Not getting much out of therapy? The right expert for you could be just a couch away, as Jessica Martin discovers.
I have definitely seen my fair share of psychologists. The first was as an eight-year-old to deal with my parents' divorce. She wanted me to draw my emotions, and when my half-hearted swirls were frowned upon ("Are you sure that's how you really feel?"), I faked it and drew harsh lines to represent my 'anger' instead.
I saw counsellors in high school mainly to get out of class and psychs at uni for more legitimate reasons. I had sessions with a therapist to help me overcome crippling panic attacks when I was 19 and two years later I was whisked off to a psychiatrist when I was suffering mild depression. After six months of weekly sessions and a dose of antidepressants, I was feeling good ... but it didn't last.
One size doesn't fit all
A few years later, I found myself in a depression so deep that, at the time, I didn't care if I lived or died. I needed to get back to the psychologist's couch. But this time around, I was referred to someone who wasn't right for me. I'd spend an hour a week (and $170) watching a professional adult draw childish pictures of pressure cookers to try to explain why I felt this way (what is it with psychologists and drawing?).
I felt patronised and ripped off, but I kept going. For months I'd rock up to my appointments with the sole aim of making this surly psychologist smile, which in a way was good because it gave me something besides my own mortality to focus on, but it wasn't the most effective way I could have been spending my time and money.
I'd leave the sessions just as miserable as when I entered them and although I wouldn't say they hindered my getting well, they didn't help. At the time I didn't realise I could switch therapists; I thought it would be rude or that it would be seen as giving up. But you don't go back to a hairdresser who has left you with an inch of hair after you specifically asked for long layers and balayage, do you? The same goes for psychologists.
Rules of engagement
So how do you find a therapist who isn't going to give you the emotional equivalent of a buzz cut? Psychologist Patrea O'Donoghue says you need to ask yourself whether the therapist is someone you can work with. "Just like dating someone, sometimes it takes a couple of meetings to see if you feel comfortable sharing your story with a particular psychologist and just as in everyday life, it's not likely that we will get on with everyone equally well," she explains.
"So be willing, if necessary, to call around and have appointments with a few psychologists until you find someone you have a sense of affinity with."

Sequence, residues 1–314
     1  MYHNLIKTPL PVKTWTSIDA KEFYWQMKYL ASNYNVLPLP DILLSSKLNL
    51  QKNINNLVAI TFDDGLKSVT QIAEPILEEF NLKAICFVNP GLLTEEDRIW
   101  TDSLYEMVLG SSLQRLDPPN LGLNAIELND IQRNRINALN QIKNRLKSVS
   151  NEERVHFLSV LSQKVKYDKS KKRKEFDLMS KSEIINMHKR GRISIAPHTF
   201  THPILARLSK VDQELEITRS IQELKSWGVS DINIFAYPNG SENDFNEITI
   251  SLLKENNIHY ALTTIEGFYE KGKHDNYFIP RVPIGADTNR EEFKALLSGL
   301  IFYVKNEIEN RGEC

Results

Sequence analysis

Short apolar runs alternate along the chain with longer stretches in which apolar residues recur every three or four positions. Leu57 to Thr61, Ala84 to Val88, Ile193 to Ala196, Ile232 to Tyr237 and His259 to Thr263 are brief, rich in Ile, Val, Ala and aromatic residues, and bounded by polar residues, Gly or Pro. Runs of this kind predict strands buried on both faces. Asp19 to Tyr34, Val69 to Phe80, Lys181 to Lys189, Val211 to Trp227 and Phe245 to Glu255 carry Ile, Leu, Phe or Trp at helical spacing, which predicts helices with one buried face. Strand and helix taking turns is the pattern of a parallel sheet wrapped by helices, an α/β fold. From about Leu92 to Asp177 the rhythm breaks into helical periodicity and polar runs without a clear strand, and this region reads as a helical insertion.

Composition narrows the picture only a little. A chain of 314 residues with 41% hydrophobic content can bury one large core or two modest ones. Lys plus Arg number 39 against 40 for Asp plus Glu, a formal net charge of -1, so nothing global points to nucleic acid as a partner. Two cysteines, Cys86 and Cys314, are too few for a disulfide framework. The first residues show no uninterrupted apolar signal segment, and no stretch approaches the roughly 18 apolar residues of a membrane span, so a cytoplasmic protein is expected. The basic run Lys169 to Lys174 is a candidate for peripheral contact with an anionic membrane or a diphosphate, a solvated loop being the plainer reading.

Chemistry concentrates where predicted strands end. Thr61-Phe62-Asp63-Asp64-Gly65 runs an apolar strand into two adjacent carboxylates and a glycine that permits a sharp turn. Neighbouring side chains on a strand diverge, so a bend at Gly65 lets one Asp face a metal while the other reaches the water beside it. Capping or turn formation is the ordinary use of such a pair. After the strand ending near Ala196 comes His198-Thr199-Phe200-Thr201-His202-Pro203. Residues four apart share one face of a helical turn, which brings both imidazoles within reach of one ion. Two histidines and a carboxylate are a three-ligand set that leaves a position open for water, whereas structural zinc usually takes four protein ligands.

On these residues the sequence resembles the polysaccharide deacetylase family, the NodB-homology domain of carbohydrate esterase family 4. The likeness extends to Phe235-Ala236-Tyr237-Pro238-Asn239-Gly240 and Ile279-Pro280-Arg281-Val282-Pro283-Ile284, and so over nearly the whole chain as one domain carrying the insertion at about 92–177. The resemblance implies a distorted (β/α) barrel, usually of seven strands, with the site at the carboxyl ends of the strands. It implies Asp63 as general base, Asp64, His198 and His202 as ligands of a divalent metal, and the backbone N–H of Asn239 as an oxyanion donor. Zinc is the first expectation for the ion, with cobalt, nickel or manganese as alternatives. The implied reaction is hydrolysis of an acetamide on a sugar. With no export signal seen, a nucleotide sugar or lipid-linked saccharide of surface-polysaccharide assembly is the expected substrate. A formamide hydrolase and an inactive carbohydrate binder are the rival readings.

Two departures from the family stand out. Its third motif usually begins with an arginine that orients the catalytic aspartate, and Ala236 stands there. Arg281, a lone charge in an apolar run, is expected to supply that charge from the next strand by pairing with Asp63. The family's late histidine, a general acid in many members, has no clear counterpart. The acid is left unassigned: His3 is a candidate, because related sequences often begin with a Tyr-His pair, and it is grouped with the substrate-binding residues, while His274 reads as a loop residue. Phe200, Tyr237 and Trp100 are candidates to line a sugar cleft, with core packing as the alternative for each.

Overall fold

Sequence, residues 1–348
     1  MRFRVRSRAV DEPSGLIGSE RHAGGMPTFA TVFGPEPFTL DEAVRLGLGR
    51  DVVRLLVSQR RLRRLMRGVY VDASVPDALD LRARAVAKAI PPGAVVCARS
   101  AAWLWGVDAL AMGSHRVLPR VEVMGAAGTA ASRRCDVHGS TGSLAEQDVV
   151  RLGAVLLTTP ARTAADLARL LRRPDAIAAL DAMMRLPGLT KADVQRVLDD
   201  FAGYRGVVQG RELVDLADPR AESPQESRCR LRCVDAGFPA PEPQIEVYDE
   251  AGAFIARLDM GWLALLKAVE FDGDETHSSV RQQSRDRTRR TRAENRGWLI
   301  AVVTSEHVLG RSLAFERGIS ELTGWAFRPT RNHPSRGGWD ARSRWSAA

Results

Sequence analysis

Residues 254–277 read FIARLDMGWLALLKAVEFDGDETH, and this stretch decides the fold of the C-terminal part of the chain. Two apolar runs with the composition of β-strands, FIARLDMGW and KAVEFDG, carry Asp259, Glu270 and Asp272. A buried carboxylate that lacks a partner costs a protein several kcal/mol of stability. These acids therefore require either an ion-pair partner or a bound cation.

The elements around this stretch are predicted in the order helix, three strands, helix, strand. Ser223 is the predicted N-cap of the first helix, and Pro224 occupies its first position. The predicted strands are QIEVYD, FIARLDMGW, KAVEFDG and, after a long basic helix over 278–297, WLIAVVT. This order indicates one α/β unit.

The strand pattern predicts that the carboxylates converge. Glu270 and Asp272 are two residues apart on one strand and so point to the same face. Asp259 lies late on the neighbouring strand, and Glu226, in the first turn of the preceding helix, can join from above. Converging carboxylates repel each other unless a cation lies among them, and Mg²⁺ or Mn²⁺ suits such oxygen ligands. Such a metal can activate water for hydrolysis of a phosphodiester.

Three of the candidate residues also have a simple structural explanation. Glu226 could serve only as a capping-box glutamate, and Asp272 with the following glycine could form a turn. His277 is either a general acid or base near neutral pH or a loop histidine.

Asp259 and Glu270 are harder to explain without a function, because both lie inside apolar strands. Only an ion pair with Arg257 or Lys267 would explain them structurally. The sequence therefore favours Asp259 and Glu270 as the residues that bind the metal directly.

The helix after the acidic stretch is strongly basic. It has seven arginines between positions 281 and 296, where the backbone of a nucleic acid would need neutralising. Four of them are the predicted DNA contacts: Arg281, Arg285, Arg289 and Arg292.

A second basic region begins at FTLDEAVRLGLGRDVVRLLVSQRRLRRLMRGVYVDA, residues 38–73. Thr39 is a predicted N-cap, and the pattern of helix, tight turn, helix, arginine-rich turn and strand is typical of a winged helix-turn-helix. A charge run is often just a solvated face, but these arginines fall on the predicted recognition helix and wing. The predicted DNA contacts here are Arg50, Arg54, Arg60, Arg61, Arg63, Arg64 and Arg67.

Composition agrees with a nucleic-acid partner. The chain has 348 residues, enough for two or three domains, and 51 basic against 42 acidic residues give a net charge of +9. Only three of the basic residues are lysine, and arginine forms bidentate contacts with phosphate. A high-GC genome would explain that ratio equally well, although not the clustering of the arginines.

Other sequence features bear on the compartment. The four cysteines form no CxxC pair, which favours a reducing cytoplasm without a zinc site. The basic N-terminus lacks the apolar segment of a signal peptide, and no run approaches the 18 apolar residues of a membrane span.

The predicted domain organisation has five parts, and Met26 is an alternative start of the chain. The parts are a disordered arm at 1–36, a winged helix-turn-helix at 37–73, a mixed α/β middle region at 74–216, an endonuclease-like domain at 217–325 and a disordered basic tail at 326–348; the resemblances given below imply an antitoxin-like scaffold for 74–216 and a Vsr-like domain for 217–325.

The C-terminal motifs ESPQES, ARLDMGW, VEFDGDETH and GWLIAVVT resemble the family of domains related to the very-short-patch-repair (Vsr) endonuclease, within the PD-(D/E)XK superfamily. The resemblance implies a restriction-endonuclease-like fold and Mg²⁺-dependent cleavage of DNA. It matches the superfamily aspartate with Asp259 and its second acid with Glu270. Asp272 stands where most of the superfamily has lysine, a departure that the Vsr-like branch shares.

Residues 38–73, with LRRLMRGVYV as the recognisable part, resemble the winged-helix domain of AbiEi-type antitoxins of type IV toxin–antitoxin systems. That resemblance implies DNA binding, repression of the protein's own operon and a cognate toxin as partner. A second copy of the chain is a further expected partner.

Mary Magalotti, director and principal psychologist at Life Resolutions (liferesolutions.com.au), agrees. She says the most important thing in determining whether you are working with the right psychologist is your level of engagement with them.
"If you don't feel comfortable that you can build up a trusting and engaging relationship, then it's likely that you will not progress greatly. It's important to understand that therapy will be difficult at times, as a good psychologist will get you to confront your issues and emotions, but this is healthy as long as you feel safe and emotionally held by your psychologist along the way."
Getting on the right track
O'Donoghue says if you're considering seeing someone, you need to be patient and persistent. "Psychology is not a magic pill; it's a process that may take time in order to address the situation you are facing."
As for me? I'm back in therapy, as I suspect I will be, on and off, for the rest of my life. But this time I'm not battling the black dog; I'm working at maintaining my happiness and I've found a psychologist who I look forward to seeing, who impresses me with her insight and compassion.
Therapy is not always an easy process, but it can often be a worthwhile one.
What to consider when looking for a therapist:
• Are they registered with the Psychology Board?
• How long have they been practising as a therapist?
• What are the fees and how long are the sessions? Are concession rates available?
• Can you speak to them before your first session? The psychologist should make themselves available to answer any questions you may have.
• When speaking to you, do they put you at ease and sound competent in dealing with your specific issues?
• Are they emotionally present and tuned into you?
• Do they seem warm, accepting and non-judgemental?
• Do they seem emotionally healthy themselves and not anxious or arrogant?
• Will they challenge you on things when necessary?
• Do you get a sense that they have a genuine desire to assist you in moving forward?